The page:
¶ 14. In response to Johnson's argument, the State called both Officer McCombs and Chief Deputy Williams, and both refuted Johnson's testimony by testifying that neither promises nor threats were made to induce Johnson's confession. Officer McCombs testified that Johnson had asked whether Clay would be charged, and he had responded that, if Johnson admitted the cocaine was his, there would be no reason to charge Clay. After hearing this testimony, the trial judge stated that he did not find Johnson's argument to be credible.

¶ 15. We are unable to find that the trial judge's ruling was manifestly incorrect. We have held that the State may meet its burden by producing " testimony of an officer, or other persons having knowledge of the facts, that the confession was voluntarily made without threats, coercion, or offer of reward." [9] According to the officers, Johnson initiated the subject of whether Clay would be charged, and Officer McCombs's factual response to Johnson's question does not, as a matter of law, rise to the level of a threat or coercion. Both interviewing officers testified that Johnson was not promised anything in exchange for his confession, and the only evidence to refute this testimony was Johnson's version of the discussion.

¶ 16. In Glasper v. State, we addressed similar conflicting testimony at a suppression hearing in which the defendant argued his confession was involuntarily given because law enforcement officers induced the confession with repeated promises of leniency.[10] At a suppression hearing, Glasper testified that the interviewing officer had promised leniency during his custodial interrogation.[11] To refute this testimony,

Page 152

the State presented contradictory testimony from the interviewing officer. [12] In affirming the trial judge's ruling that the defendant had confessed voluntarily, we stated:

Regardless of the number of appellate judges who now, or in the future, review this case, the trial judge in this case is the only one amongst the members of the judiciary who will ever have the opportunity to not only hear the testimony, but to also observe the demeanor of the witnesses as they testified at the suppression hearing. We thus afford the appropriate deference to the trial judge since she was the ultimate fact-finder based on disputed testimony offered at the suppression hearing. And the trial judge, siting as the fact finder, had the sole authority to weigh the credibility of the witnesses and decide in the state's favor.[13]

¶ 17. This case presents the same issue we addressed in Glasper. The defendant testified that his confession was given in exchange for a promise. Both interviewing officers testified that this was not true. Giving the deference due to the trial judge's discretion in determining the credibility of witnesses, we cannot say that the trial judge's ruling was manifestly wrong.

II. The Miranda warning was not defective.

¶ 18. The question concerning the Miranda warning is not complicated. Johnson was informed that he had " the right to have an attorney present during interrogation," but he was not specifically informed that he had the right to consult with counsel. The trial judge found that informing a defendant of his right to have an attorney present during questioning carries with it the understanding that he may consult with that attorney. We agree.

¶ 19. In Miranda, the United States Supreme Court held that the Fifth Amendment to the United States Constitution requires that a defendant be informed of his rights to remain silent and to counsel prior to being subjected to custodial interrogation.[14] Johnson relies on the Supreme Court's statement in Miranda that " an individual held for interrogation must be clearly informed that he has the right to consult with a lawyer and to have the lawyer with him during interrogation under the system for protecting the privilege we delineate today." [15]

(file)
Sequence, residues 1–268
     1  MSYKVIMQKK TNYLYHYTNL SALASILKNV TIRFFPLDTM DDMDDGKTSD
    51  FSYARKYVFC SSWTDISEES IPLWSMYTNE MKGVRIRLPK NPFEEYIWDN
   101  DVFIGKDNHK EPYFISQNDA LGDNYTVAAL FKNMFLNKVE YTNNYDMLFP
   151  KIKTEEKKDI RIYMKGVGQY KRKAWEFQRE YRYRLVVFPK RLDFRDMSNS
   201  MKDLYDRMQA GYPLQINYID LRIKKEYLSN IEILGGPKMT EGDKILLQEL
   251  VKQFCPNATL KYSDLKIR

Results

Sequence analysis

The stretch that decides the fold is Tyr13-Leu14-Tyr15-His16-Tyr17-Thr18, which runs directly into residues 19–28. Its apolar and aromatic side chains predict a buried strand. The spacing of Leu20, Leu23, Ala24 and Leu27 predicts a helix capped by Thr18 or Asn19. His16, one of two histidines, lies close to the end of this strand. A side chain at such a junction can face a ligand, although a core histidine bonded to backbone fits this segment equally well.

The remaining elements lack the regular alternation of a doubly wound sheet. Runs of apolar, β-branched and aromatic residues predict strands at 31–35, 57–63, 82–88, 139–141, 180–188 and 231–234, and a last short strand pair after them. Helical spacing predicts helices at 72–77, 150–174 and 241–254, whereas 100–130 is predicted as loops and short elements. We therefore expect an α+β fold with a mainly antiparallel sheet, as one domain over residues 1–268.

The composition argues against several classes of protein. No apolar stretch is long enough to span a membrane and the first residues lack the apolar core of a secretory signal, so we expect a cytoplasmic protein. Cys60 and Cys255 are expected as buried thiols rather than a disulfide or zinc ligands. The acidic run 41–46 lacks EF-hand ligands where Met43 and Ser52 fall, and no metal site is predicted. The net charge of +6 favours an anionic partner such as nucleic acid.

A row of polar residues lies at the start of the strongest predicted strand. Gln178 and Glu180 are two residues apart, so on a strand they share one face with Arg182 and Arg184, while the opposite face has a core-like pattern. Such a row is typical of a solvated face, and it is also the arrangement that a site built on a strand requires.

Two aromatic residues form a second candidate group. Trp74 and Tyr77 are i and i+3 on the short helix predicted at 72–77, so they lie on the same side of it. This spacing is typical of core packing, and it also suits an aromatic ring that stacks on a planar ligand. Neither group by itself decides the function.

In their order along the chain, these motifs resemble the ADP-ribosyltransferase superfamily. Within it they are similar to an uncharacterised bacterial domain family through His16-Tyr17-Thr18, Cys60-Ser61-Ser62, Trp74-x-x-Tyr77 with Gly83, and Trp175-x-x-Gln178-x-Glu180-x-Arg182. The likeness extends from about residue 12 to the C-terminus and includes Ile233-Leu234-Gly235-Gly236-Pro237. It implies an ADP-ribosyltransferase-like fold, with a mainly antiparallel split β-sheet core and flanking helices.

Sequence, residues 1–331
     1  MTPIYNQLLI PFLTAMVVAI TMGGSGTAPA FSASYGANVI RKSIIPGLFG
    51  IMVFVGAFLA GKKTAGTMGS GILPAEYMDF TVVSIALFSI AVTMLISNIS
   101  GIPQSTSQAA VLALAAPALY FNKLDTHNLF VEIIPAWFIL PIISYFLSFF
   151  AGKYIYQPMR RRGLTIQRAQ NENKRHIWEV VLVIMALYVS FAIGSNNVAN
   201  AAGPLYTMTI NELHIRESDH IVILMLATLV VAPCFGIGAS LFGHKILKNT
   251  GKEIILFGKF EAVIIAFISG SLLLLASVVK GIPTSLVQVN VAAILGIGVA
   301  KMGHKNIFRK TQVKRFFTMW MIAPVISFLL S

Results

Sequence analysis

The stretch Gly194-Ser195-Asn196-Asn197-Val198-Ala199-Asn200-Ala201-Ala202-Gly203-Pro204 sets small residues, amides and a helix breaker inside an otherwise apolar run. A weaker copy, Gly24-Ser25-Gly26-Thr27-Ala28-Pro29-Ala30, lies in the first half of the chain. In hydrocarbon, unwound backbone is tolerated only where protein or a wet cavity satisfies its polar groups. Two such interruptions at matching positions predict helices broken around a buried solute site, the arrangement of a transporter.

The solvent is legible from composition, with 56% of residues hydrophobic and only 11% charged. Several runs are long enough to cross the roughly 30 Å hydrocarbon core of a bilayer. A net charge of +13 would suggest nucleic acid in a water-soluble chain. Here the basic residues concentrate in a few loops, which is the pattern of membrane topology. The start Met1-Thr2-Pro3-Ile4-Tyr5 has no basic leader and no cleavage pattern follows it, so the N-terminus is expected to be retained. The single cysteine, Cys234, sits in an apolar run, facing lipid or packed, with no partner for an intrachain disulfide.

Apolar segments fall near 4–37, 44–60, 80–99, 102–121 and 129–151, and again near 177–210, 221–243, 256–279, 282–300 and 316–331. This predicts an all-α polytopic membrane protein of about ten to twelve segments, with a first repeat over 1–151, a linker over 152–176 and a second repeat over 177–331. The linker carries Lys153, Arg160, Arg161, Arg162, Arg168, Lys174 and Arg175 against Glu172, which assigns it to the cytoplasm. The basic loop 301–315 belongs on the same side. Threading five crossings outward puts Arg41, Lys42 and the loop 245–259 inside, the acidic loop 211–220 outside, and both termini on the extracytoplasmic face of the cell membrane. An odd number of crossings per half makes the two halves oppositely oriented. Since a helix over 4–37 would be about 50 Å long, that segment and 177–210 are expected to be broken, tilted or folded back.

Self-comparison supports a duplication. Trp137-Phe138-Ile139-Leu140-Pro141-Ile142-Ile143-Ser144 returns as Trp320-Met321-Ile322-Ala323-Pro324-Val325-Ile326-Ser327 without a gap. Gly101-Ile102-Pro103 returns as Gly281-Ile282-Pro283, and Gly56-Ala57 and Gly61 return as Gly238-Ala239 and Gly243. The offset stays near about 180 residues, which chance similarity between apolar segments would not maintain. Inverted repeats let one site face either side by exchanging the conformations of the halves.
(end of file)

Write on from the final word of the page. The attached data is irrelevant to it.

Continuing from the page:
¶ 20. In and since Miranda, the United States Supreme Court has rejected a rigid requirement of exact language when giving Miranda warnings. In Miranda, the Court stated that the warnings stated therein were necessary " in the absence of a fully effective equivalent." [16] In Duckworth v. Eagan, the Supreme Court stated that " [w]e have never insisted that Miranda warnings be given in the exact form described in that decision" and that " [t]he inquiry is simply whether the warnings reasonably ‘ convey to a suspect his rights as required by Miranda. ’ " [17]

¶ 21. This Court addressed a similar claim regarding Miranda warnings in Byrom v. State, in which the defendant moved to suppress her confession, arguing

Page 153

that she did not know she had a right to have an attorney present during interrogation.[18] The sheriff in that case had advised Byrom that she had the right to consult with an attorney prior to questioning, but had failed to state that counsel could be present during the interrogation.[19] In affirming the admission of Byrom's confession, this Court stated " [w]hile as noted by the trial court, the warnings were not the classic warnings, Byrom was fairly advised of her rights." [20]

¶ 22. Johnson was clearly informed that he had " the right to have an attorney present during interrogation," and that if he desired an attorney, but could not afford one, one would be appointed. This adequately informed Johnson of his right to counsel.

CONCLUSION

¶ 23. The trial judge did not commit manifest error by finding that Johnson voluntarily gave his confession. And we find that the waiver-of-rights form Johnson signed sufficiently advised him of his right to counsel. Accordingly, we affirm Johnson's conviction and sentence.

¶ 24. CONVICTION OF POSSESSION OF COCAINE AND SENTENCE AS A SECOND DRUG OFFENDER OF TWENTY (20) YEARS IN THE CUSTODY OF THE MISSISSIPPI DEPARTMENT OF CORRECTIONS, AFFIRMED.

WALLER, C.J., RANDOLPH, P.J., LAMAR, KITCHENS, CHANDLER, PIERCE, KING AND COLEMAN, JJ., CONCUR.


Buy This Entire Record For $7.95

Official citation and/or docket number and footnotes (if any) for this case available with purchase.

Learn more about what you receive with purchase of this case.